As a resident in Obstetrics and Gynecology, Georges Boog had been charged with the duty by his chief, Professor Gandar to introduce obstetrical sonography at Strasbourg University in the Spring of 1967. Initially Boog worked with an A-mode scanner from KretzTechnik®, Austria devoted to metal flaw detection and was able to realize the first fetal cephaIometries from the typical three peaks pattern. He also tried to localize the placenta following the strong reflection at the interface between the placenta and amnniotic fluid. Two years later, after acquiring a new B-mode compound contact scanner from KretzTechnik®, he published the first French paper on the clinical applications of fetal cephalometry, sonographic placentography, detection of molar pregnancies and differential diagnosis of cystic and solid pelvic tumors. At the First World Congress on Ultrasonic Diagnosis in Medicine, Vienna, Austria in 1969, Boog presented the paper "Ultrasonic Cephalometry in the diagnosis of chronic placental insufficiency" (in French). Other works in Obsetrics and Gynecology came from C Colette in Besançon. They promeoted their methods in Paris and greatly contributed to the development of ultrasonography in the specialty.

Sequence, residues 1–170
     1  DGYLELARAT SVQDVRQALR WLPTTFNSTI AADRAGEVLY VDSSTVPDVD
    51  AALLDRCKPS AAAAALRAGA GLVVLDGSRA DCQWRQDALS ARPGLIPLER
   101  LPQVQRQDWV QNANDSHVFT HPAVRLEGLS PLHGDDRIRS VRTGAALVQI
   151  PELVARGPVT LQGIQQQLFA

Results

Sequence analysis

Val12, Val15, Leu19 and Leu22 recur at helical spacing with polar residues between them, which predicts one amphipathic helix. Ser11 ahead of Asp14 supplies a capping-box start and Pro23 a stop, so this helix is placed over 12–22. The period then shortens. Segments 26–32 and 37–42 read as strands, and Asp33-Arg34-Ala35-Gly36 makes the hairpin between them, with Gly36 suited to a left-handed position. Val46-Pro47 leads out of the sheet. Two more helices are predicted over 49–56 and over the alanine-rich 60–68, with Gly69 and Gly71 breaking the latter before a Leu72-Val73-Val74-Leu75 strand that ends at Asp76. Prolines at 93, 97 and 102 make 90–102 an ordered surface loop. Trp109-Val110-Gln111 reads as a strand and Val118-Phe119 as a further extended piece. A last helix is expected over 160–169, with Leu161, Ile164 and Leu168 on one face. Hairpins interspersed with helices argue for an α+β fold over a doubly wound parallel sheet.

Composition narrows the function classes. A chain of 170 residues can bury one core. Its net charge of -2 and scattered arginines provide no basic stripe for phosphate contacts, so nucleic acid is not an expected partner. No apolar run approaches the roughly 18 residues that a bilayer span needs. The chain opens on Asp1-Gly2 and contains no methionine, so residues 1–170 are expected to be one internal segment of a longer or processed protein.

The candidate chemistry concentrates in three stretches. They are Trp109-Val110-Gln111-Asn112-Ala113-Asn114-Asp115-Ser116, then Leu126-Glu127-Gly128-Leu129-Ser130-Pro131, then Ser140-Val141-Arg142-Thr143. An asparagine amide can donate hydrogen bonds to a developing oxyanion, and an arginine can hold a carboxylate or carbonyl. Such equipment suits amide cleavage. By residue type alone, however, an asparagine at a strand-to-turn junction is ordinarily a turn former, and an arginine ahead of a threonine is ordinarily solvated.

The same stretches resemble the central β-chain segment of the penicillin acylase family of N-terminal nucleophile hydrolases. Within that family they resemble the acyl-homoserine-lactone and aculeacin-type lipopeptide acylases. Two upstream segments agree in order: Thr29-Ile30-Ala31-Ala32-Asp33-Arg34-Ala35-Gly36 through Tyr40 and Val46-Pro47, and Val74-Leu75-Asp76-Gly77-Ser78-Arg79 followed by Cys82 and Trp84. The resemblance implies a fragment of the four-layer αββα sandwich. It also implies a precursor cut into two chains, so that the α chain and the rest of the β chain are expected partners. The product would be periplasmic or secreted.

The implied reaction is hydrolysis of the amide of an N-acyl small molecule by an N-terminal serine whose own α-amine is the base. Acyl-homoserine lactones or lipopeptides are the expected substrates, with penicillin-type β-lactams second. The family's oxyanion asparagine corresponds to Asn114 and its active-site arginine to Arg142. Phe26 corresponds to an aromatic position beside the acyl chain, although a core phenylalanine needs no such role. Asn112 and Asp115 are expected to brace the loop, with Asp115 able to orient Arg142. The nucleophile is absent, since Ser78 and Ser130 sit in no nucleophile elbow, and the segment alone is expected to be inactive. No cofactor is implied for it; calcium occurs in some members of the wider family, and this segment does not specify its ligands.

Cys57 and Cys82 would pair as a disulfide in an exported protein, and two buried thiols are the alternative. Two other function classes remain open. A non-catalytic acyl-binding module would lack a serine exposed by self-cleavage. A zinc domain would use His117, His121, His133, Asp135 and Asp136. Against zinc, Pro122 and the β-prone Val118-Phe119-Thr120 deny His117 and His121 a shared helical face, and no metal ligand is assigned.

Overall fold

During the year 1970, Francis Weill, working at Besançon, presented a comparison between thermographic and tomoechoscopic localization of the placenta. He was also a fervent usuer of the Vidoson fast scanner from Siemens. In 1971, he organized the first multi-disciplinary meeting on Ultrasonography and gained much international recognition.
In the same year, Professor Therèse Planiol and Léandre Pourcelot in Tours and Professor Jean-Marie Thoulon in Lyon initiated Doppler ultrasonography in obstetrics. Pourcelot developed the first European ultrasonic Doppler velocimeter in 1964. In 1974 he described the "Resistance Index" or the "Pourcelot index" used in the assessment of doppler velocity waveforms. In 1977 he described pioneering work on color-coded Doppler images. For the past 40 years he has continously worked at inventing and perfecting doppler devices at Tours. In the late 1960s the Jean Perilhou group at Bourg La Rhiene conducted pioneer research into the multi-element scanning array and in 1972 Pourcelot and his research group developed one of the first real-time ultrasound imaging systems based on the electronic scanning of a linear array. In another area, the Pierre Peronneau group in Paris was engaged in the development of duplex-doppler devices in the late 1960s.